Basics of Machine Learning
Machine Learning is defined as the study of computer algorithms that automatically improve by using the data available as well as learning from its past experiences. Simply put, it is a process which enables the machines to learn automatically without actually being programmed to. While programs have a definite code that it will follow while executing, machine learning learns, identifies and analyses the data that has been input and takes decision based on the patterns of the dataset.
Machine Learning is a branch of Artificial Intelligence. It is based on the simple idea that any machine can identify patterns, learn and make decisions to execute commands with little human interference. While Artificial Intelligence allows a machine to simulate near human-like behaviour in real-time, Machine Learning is limited to just analysing patterns and takes decisions based on that.
The term ‘Machine Learning’ was coined in the year 1959 by an American IBM employee Arthur Samuel. Over the next two decades, the interest in machine learning, particularly in pattern recognition continued to rise, and in 1981, teaching strategies were developed such that the any neural network can learn to recognise up to 40 characters, which included the 26 alphabets, the 10 numbers and 4 special symbols. Modern-day machine learning has two main objectives – to classify the given data based on models that have already been developed, and to make predictions for future outcomes based on the said models.
The Machine Learning traditionally has three methods:
1. Supervised Learning – This method uses algorithms which are trained using labelled data points. Here, the algorithm receives a set of input, called learning inputs, as well as its corresponding correct outputs. The algorithm then follows it up by comparing the correct outputs with the actual outputs that it generated. Methods such as prediction, classification, regression and gradient boosting use the patterns predict the values of any label in an unla-belled data. It is commonly used in areas where the previous data is used to predict the future events.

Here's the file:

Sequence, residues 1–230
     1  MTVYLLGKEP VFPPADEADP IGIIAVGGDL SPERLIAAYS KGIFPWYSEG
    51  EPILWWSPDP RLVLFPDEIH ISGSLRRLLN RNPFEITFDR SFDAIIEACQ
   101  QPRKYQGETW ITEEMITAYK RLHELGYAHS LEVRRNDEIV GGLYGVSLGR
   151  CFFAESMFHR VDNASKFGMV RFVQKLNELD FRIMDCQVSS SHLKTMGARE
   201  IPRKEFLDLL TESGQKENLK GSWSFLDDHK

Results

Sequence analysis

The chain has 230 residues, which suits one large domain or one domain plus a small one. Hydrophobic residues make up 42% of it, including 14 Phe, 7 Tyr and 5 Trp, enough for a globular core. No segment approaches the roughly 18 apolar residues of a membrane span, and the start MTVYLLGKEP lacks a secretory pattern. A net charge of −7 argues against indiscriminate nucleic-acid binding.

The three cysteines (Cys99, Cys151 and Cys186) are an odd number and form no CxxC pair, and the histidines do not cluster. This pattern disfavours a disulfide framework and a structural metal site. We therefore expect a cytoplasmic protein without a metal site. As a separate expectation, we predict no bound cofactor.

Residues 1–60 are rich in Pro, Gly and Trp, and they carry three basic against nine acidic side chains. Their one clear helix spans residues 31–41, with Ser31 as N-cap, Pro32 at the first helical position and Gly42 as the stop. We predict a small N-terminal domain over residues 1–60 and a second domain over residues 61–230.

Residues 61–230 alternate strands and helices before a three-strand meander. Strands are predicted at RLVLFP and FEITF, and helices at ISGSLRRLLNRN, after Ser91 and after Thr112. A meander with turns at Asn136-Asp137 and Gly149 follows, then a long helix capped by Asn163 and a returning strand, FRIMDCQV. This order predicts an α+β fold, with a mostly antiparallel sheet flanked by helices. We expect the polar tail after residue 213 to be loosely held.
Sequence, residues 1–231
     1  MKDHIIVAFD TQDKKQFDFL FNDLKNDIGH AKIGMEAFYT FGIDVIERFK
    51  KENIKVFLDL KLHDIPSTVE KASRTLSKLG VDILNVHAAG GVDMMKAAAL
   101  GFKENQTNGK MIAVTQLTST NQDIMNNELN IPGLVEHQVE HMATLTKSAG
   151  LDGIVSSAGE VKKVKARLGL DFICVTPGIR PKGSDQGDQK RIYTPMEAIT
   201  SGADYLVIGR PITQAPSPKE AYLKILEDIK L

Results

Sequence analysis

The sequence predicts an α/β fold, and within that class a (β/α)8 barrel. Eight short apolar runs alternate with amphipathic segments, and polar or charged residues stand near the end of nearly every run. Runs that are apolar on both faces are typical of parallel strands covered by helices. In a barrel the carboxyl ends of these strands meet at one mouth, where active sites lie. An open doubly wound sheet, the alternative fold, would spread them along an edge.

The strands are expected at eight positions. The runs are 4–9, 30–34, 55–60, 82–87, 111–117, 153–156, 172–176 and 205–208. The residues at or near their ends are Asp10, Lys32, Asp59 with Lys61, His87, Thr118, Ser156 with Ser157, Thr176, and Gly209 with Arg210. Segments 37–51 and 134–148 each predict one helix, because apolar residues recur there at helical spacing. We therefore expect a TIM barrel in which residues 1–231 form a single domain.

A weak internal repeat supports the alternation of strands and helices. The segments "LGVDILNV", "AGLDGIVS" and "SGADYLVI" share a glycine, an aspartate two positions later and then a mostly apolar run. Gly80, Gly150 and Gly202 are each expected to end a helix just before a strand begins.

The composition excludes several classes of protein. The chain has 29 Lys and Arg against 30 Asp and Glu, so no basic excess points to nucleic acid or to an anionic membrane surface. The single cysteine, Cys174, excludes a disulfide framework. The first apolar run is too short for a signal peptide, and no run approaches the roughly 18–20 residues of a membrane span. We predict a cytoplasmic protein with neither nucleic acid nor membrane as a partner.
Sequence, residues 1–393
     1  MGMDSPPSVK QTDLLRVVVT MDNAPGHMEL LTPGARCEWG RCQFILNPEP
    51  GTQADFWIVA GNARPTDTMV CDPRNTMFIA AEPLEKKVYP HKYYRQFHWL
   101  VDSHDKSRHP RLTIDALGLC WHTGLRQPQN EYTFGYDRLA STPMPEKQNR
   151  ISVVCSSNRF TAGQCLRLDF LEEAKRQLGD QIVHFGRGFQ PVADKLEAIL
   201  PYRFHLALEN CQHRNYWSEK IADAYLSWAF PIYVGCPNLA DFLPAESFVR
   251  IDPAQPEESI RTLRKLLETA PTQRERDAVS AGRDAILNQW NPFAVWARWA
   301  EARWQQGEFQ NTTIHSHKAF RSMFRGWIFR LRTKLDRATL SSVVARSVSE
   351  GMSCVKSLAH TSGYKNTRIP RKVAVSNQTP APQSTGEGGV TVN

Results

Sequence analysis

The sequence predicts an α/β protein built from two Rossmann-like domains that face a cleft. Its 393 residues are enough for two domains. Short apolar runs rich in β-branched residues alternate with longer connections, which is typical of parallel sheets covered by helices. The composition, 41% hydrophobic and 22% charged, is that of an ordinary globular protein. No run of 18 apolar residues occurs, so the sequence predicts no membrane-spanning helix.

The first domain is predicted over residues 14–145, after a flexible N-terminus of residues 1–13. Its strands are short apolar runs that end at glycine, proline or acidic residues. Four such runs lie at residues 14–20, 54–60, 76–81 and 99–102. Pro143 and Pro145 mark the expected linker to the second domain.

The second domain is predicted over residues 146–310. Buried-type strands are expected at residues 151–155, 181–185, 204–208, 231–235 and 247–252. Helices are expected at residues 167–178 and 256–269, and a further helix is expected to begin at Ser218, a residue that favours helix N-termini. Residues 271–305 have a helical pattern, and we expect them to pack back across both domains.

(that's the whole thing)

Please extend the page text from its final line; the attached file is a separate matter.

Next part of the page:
Note: If a part of the data that is used for training is unlabelled, then in place of Supervised Learning, Semi-supervised Learning is adopted. It is generally used when the cost of labelling the data proves to be costly, and thus only a small portion is labelled.
2. Unsupervised Learning – In this method, the data has no history of being labelled. Unlike in supervised learning, the machine is not provided with correct output to compare with. The aim of this mode of learning is to allow the machine to explore the data set and learn by itself. Techniques such as nearest-neighbour mapping, single value decomposition, k-means clustering and self-organising maps are used. This method is usually used in recommen-dation programs and to identify data outliers.
3. Reinforcement Learning – This method does not involve any explicit inputs or outputs. Rather, it relies on the machine’s interaction with its dynam-ic environment and conducts trial and error runs to determine the run which yields greatest reward. This mode of learning has three primary components:
a. The agent – responsible for learning and making decisions.
b. The environment – anything that the agent interacts with.
c. The action – the resultant reactions that the agent does.The main aim of this mode is to allow the machine to choose the actions that will yield the maximum results in a given time period.
All the Machine Learning algorithms follow a simple four step procedure:
1. Collecting and preparing data – The first step for any ML algorithm involves feeding data (or the knowledge) into the machine, which is divided into two parts – training and testing data. The division of data is usually in the 80/20 or 70/30 ration to ensure proper testing once the model is built.
2. Choosing and training a model – The scientists of Machine Learning have already created different models for machines to solve various different problems. Therefore, it is imperative to choose the correct model in order to solve the problem.
3. Evaluating the model – Here, the machine learns from the training data set and trains itself to take decisions such as classifying or predicting data. In order to check its accuracy, the predictions are tested against the testing data.
4. Hyper parameter tuning and Prediction – These are the parameters which cannot be estimated by the model, but are still relevant and therefore need to be considered. These parameters are specified by the user.
These steps, when successfully executed, create a machine learning algorithm. The foundations of the code for Machine Learning are built from Python. Libraries such as Scikit-learn, TensorFlow and Keras are commonly used to code.
Machine Learning has been integrated into various fields over the past years. Online shopping websites such as Amazon and Flipkart use ML to recommend items based on previous purchases as well as browsing history. The Healthcare system utilises ML of smart wearable devices to monitor health of patients in real-time. It also aids in analysing data to predict any life-threatening disease at an early stage. The financial sector relies on ML for two main reasons: identifying important insights which can help investors, and prevent fraud by mining data.
With the rise in adoption of AI across various domains, machine learning has now become a staple subject to be dealt with. As such, professionals have started to recognise the importance of this field, since Machine Learning is an important part of Artificial Intelligence. It won’t be long before Machine Learning becomes a core subject that will be required in every field, irrespective of domain it is being applied in.